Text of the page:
ONCAlert | 2018 SGO Annual Meeting on Women’s Cancer
Colorectal Cancer Case Studies

Diagnosis of Stage III Colon Cancer

Tanios Bekaii-Saab, MD, FACP
Published Online:Apr 25, 2017
In this case-based interview series, Tanios Bekaii-Saab, MD, FACP, discusses the treatment of a patient who develops recurrent metastatic adenocarcinoma of the colon.

Recurrent Colon Cancer with Liver Metastases


Tanios Bekaii-Saab, MD, FACP: This was in November of 2012. The patient is a 51-year-old man who was referred by his private care physician to gastroenterology for a routine screening colonoscopy. One thing that was noticed in the family history of the patient is that on his father’s side, there was a history of pancreas cancer and his aunt had breast cancer. So, there was some family history of cancer. Colonoscopy was performed and it revealed a 3-cm mass, approximately to the hepatic flexure—so on the right side. A biopsy of that lesion confirmed it was adenocarcinoma, which is consistent with colon primary. At the time, the patient underwent right hemicolectomy, which revealed a moderately differentiated tumor. It was a T3 tumor in terms of the pathological classification. About 15 lymph nodes were removed and they were all cancer-free. So, the patient was T3 and 0, and previous workup showed no evidence of metastatic disease. The appropriate decision was not to proceed with any further adjuvant therapy. The patient recovered really well after the surgery and is doing well.
 
The guidelines, for patients at low risk to develop colon cancer, remain that the first colonoscopy has to happen at age 50. Depending on, again, the presence or absence of polyps that are high-risk than the varied interval, the next colonoscopy for most folks would be at 5 or 10 years. In fact, 10 years is very acceptable. That’s for the colonoscopy. It is also acceptable to have a blood stool test with sigmoidoscopy, Cologuard, and other tests as potential alternatives for those who may not want to consider a colonoscopy. However, the gold standard in the United States remains a colonoscopy at age 50 for all patients with a low risk. Now, history of previous cancer certainly raises a red flag, and that’s something that needs to be discussed with the family physician.
 
Now clearly a history of colon cancer or high-risk polyps would warrant an earlier colonoscopy, depending on the age. So, if the patient’s, let’s say, father had colon cancer or a high-risk polyp at age 75, the guidelines may remain the same—meaning at 50, you start your colonoscopy. However, if a father, a mother, or a first-degree relative had their cancer at age 45, then the first colonoscopy had to be in an interval of 10 years or even earlier than the diagnosis, meaning at 35 or younger for the first colonoscopy. In this situation, in this particular patient, it’s difficult to understand whether the family had some genetic screening, which most folks at that time did not have any form of genetic screening, and whether that would have warranted an earlier colonoscopy.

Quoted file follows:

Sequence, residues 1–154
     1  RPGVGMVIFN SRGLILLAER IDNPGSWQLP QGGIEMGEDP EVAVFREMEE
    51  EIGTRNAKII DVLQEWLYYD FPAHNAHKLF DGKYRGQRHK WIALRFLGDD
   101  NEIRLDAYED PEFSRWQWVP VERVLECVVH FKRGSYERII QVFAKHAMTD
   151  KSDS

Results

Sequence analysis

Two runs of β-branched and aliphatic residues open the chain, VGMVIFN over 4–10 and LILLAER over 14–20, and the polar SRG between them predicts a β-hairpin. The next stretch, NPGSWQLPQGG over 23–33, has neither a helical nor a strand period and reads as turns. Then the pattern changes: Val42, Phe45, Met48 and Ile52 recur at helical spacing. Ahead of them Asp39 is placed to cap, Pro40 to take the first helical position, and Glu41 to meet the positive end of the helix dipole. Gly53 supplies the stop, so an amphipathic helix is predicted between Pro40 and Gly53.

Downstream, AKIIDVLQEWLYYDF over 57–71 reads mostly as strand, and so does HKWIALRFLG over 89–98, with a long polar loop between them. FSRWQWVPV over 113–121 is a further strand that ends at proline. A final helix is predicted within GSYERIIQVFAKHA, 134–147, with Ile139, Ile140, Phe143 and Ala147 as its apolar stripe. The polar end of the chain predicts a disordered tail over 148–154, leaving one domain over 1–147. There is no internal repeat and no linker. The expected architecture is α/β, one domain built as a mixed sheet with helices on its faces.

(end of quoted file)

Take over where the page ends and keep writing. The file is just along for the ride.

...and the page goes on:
So, surgery was appropriate in this patient with a small tumor. Lymph node harvest is important, and the guidelines refer to at least 12 lymph nodes that have to be removed to do adequate staging—10 to 12 lymph nodes, but conservative 12 nodes. This patient had 15 lymph nodes removed, so I think we can consider the staging appropriate. And why is this important? If we have more than 12 lymph nodes that are negative, that places the patient at a definite stage 2, and a stage 2, especially lower risk like this patient, essentially does not warrant adjuvant chemotherapy. If the lymph node harvest was lower than that, let’s say 8 or 9 lymph nodes, then there will be a big question mark about the quality of the lymph node harvest. And by default, we give those patients the benefit of the doubt and will treat them with adjuvant therapy, and most of them unnecessarily. So, it’s very important, and I’ve seen this happening less and less and less, thankfully. The guidelines have been very adamant about the lymph node harvest—12 lymph nodes are a must for those patients.

Transcript edited for clarity.

November 2012

  • A 51-year-old man was referred to gastroenterology for screening colonoscopy.
  • Family history includes pancreatic cancer on his father’s side and pre-menopausal breast cancer in his aunt.
  • Colonoscopy revealed a 3-cm mass, proximal to the hepatic flexure.
  • Biopsy confirmed the lesion to be of adenocarcinoma histology.
  • At the time, the patient underwent right hemicolectomy revealing a moderately differentiated tumor. Fifteen lymph nodes were removed and tested negative for metastatic disease, denoting stage T3N0M0 colon cancer.
  • The patient healed without complications and received no further treatment.

April 2015

  • The patient continued to feel well, except for occasional fatigue and diarrhea.
  • Routine evaluation showed elevated carcinoembryonic antigen.
  • PET/CT scan revealed several small lesions in multiple lobes of the liver that were PET avid
  • Biopsy was performed and confirmed the liver lesions to be metastases from colon cancer
  • The patient was referred to a local oncologist and started on infusional 5-FU and oxaliplatin (FOLFOX) in combination with bevacizumab.
  • CT scan 2 months after starting treatment showed a partial response to therapy; at 4 months the patients tumor continued to shrink
  • Oxaliplatin was discontinued; subsequently the patient received maintenance therapy with capecitabine and bevacizumab, resulting in continued disease control

February 27, 2017

  • The patient has had stable disease for 22 months and remains on bevacizumab maintenance therapy.
  • He appears generally well and free of symptoms.
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